Ocean temperatures are getting warmer and hot temperatures can kill corals and degrade reefs. Throughout the 2023 Great Barrier Reef mass spawning season we are trialling two interventions – artificial selection and selective breeding – that aim to breed corals that are tolerant to high temperatures. Tolerant corals might be used to restore reefs threatened by climate change.
Selective breeding and artificial selection are both types of assisted evolution – approaches which aim to accelerate the rate of adaptation and produce offspring with comparatively high thermal tolerance.
We can harness the natural reproductive cycle of corals to breed corals for reef restoration and adaptation initiatives. Selectively breeding temperature-tolerant corals involves:
1. Finding and collecting heat-tolerant parent corals.
2. Supporting the parent corals to naturally spawn.
3. Collecting the spawn (eggs and sperm) of the parent corals.
4. Crossing the spawn of the parent corals to enhance the chances of producing resilient offspring.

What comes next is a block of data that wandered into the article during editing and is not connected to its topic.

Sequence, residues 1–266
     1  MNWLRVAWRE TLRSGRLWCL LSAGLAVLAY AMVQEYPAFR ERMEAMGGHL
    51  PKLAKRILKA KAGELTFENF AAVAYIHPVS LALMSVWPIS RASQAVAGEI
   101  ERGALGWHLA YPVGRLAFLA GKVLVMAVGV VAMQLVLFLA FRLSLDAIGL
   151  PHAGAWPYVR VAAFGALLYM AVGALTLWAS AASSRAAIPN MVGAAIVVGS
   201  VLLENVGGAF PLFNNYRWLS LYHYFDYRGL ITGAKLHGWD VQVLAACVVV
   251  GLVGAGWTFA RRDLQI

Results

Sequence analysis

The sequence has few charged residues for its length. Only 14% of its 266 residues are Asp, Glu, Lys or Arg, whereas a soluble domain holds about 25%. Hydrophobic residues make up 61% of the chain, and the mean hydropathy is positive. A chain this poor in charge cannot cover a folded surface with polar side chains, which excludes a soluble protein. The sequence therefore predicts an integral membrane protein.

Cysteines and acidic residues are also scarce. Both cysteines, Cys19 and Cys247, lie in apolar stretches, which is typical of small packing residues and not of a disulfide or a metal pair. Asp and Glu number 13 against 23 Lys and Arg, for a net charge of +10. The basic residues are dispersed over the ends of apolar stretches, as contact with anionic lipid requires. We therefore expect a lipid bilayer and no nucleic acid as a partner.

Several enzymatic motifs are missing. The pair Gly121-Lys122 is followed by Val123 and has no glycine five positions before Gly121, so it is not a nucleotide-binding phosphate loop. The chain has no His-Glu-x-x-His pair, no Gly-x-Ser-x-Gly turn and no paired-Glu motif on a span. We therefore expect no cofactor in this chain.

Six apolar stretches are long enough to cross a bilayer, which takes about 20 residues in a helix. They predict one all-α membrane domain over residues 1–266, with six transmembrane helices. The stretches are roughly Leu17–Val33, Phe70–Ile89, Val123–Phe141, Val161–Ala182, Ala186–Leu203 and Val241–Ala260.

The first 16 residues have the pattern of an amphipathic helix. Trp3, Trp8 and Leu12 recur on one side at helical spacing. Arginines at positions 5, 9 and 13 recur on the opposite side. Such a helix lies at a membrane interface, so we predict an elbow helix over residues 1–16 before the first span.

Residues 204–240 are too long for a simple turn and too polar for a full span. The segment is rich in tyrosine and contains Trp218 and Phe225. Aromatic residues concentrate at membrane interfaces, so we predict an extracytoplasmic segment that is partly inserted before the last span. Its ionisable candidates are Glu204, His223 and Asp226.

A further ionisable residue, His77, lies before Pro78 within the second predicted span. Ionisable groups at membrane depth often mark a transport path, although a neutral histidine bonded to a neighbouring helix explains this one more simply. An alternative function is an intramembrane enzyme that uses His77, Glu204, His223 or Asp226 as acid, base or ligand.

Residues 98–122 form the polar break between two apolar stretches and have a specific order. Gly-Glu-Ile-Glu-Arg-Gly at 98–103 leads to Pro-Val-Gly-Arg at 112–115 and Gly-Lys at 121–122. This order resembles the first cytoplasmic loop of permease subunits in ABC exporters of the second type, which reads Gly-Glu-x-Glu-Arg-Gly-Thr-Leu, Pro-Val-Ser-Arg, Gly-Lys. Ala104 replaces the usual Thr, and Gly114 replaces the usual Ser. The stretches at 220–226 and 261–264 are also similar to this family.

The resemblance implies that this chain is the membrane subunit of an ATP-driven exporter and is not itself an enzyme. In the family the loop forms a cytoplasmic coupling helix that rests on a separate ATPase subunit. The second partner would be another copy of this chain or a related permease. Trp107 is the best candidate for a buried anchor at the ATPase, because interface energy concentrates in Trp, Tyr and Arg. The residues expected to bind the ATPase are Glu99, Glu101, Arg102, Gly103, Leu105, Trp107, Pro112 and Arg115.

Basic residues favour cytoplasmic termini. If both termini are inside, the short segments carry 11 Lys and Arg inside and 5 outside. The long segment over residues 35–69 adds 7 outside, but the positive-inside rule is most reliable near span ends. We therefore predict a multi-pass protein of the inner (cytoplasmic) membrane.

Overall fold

This year, we are taking a rapid, mobile temperature stress test out to sea and using it to identify resilient and sensitive corals. We will collect and cross the parents to generate experimental lines of coral offspring. The performance of these offspring will be tested and compared using heat stress tests in the laboratory and in the ocean to assess the efficacy of selective breeding.
Artificial thermal stress can be applied to a bulk pool of coral larvae that could be fatal to sensitive larvae and generate a relatively resilient pool of surviving larvae; this process is termed artificial selection.
This year, we are using the capabilities of the National Sea Simulator to generate pools of coral larvae and assess whether artificial selection might be used to generate enhanced coral stock for reef restoration.
The corals we produce this year will be tested in the ocean,and will provide vital information regarding the potential for generating enhanced coral stock for reef restoration initiatives.
Dr Annika Lamb (AIMS)
Cary Morgans (AIMS)
Guy McCutchan (AIMS)
Dr Richard Edmunds (AIMS)
Prof. Madeleine van Oppen (AIMS and University of Melbourne)
Dr Line Bay (AIMS)
This research is supported by:
The Reef Restoration and Adaptation Program funded by the Partnership between the Australian Government's Reef Trust and the Great Barrier Reef Foundation
This page was updated in November 2023